How Working Through College Paid Off for Penn Grad Janeé Franklin

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Media Contact:Jacquie Posey | | 215-898-6460September 16, 2013

By the time Janeé Franklin graduated from the University of Pennsylvania in May, she had already built an impressive resume.

The 21-year-old Virginia Beach, Va., native credits Penn’s financial aid program with helping her to work her way through college in meaningful jobs directly related to her career interests.

Franklin is now back on campus in her first full-time job after college. On Aug, 26, she became the new coordinator of Academically Based Community Services courses at the Barbara and Edward Netter Center for Community Partnerships. Her experience working at the Center as a student gave her a distinct advantage when the position became available.

Franklin says Penn’s large grants, a part of her financial aid award package, combined with outside scholarships she received afforded her the opportunity to be selective about the types of jobs she held while earning her bachelor of arts degree in sociology.

“I did not have to take a work-study job and be as concerned with the pay rate of the job,” Franklin says. “Not having to pay for my education in that way allowed me to take the jobs I was interested in, not the ones that paid the most.”

During her sophomore year and the summer afterwards, Franklin worked at Penn’s Civic House at Lift, a resource center that assists local community members to achieve economic stability.  She worked with the Financial Literacy Community Project the first semester of her junior year.

Franklin’s first stint at the Netter Center began the summer after her junior year when she was employed as a work-study student in the college access and career readiness component of the Center’s Agatston Urban Nutrition Initiative.

The position was a great fit for Franklin.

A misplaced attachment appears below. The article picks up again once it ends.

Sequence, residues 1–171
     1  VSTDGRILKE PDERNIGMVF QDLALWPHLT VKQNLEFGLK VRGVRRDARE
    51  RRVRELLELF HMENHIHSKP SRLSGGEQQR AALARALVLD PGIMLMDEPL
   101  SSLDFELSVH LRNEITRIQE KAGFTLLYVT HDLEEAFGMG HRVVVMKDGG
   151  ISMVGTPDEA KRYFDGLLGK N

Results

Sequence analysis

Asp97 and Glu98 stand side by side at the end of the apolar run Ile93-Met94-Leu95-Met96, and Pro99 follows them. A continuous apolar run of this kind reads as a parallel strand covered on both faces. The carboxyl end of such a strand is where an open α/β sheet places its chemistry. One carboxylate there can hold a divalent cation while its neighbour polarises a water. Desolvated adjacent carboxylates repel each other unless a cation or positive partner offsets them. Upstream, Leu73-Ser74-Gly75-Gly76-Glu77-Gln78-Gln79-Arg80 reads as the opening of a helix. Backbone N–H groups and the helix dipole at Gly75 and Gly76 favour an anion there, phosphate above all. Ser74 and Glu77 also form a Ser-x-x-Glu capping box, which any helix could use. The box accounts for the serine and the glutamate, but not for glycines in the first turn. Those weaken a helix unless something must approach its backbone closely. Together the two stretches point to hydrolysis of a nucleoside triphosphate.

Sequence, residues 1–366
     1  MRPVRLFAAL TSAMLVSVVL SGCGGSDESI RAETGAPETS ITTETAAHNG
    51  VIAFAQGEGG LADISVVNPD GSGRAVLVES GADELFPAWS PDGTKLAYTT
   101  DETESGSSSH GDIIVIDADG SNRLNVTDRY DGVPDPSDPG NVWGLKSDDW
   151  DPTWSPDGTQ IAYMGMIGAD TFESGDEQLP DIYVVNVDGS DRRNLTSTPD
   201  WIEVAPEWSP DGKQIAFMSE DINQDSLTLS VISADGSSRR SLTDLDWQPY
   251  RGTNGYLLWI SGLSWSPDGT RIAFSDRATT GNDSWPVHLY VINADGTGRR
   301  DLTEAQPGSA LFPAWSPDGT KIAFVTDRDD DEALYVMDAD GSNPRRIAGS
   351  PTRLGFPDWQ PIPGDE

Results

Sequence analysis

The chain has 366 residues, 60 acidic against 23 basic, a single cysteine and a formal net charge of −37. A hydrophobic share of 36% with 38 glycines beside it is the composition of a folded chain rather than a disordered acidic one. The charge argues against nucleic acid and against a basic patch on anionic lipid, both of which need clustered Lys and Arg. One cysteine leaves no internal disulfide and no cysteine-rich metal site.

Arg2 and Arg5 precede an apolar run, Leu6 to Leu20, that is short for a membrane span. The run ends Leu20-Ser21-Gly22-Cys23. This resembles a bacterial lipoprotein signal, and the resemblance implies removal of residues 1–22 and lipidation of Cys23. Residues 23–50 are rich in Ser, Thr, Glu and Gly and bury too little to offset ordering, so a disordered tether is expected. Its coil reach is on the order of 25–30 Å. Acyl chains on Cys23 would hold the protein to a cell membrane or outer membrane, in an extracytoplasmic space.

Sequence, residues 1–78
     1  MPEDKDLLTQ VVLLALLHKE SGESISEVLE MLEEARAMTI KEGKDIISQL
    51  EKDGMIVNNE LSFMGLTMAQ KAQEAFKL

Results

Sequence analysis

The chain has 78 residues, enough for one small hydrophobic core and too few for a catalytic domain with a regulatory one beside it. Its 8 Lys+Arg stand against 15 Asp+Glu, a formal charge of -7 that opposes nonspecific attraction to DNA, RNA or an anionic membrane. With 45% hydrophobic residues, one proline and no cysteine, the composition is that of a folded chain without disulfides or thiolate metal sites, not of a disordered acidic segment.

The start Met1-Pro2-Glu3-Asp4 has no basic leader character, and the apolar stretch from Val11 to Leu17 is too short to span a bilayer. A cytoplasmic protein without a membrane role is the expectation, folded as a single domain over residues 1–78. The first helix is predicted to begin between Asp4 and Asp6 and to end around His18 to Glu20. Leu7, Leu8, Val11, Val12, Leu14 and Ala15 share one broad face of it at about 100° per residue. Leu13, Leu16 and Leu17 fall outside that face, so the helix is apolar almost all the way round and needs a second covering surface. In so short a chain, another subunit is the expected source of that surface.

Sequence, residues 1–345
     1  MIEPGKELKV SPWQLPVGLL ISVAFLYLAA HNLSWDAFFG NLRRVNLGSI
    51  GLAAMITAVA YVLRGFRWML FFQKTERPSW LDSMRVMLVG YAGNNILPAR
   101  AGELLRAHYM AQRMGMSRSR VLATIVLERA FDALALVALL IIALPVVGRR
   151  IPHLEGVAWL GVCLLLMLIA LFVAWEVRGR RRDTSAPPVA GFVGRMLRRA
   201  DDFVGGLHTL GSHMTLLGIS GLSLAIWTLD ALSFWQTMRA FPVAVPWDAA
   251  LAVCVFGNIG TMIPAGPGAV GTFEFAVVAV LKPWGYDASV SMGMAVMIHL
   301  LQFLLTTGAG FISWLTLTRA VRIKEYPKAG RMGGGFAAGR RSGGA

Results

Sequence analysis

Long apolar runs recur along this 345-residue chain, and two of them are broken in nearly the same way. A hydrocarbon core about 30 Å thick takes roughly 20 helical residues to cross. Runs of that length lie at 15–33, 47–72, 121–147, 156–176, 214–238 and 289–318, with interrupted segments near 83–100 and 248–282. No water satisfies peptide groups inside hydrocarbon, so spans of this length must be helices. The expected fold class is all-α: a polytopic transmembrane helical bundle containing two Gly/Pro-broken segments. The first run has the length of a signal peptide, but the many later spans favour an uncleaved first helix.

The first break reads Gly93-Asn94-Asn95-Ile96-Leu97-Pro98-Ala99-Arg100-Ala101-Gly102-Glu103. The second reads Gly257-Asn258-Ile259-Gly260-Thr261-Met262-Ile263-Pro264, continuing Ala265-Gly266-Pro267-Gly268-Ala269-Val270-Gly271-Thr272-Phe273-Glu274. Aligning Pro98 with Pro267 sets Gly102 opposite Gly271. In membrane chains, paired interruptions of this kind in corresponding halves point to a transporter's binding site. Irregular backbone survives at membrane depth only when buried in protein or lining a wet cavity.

“Child welfare, poverty and education are my interests,” she says.  “And I was able to pursue them all there.”

Her desire to work with like-minded Penn students who wanted to apply sociology to a social service venue led to an undergraduate teaching assistant position in the Sociology Department the spring semester of her senior year. Working with Melissa Wilde, associate professor, Franklin helped to develop and implement a syllabus for the new ABCS recitations of Intro to Sociology.

She and other Penn students worked on large projects including grant writing at the Andrew Jackson Elementary School, “a very diverse, economically disadvantaged but dynamic and exciting school in South Philadelphia.” 

Franklin, who eventually hopes to pursue a master’s degree in social work, is happy to have found a position related to her field.

“My job is to work with faculty, Netter Center staff, the teaching assistants and staff at the various placements to help students learn from their work in different communities,” Franklin explains. “Whatever topic they’re studying, students are getting to see how the topic can affect people in the real world.”

There are approximately 60 ABCS courses from schools and disciplines across the University. Penn students participate in Penn assisted community school programs through ABCS courses, internships, work-study and volunteer opportunities.

(This is the fifth and last in a series about University of Pennsylvania students who took their arguments in support of federal student financial aid to Washington in a project organized by the Office of Student Registration and Financial Services. Other profiles feature students Kristin Thomas, Mounica Gummadi, Mark Harding and Jessica King.)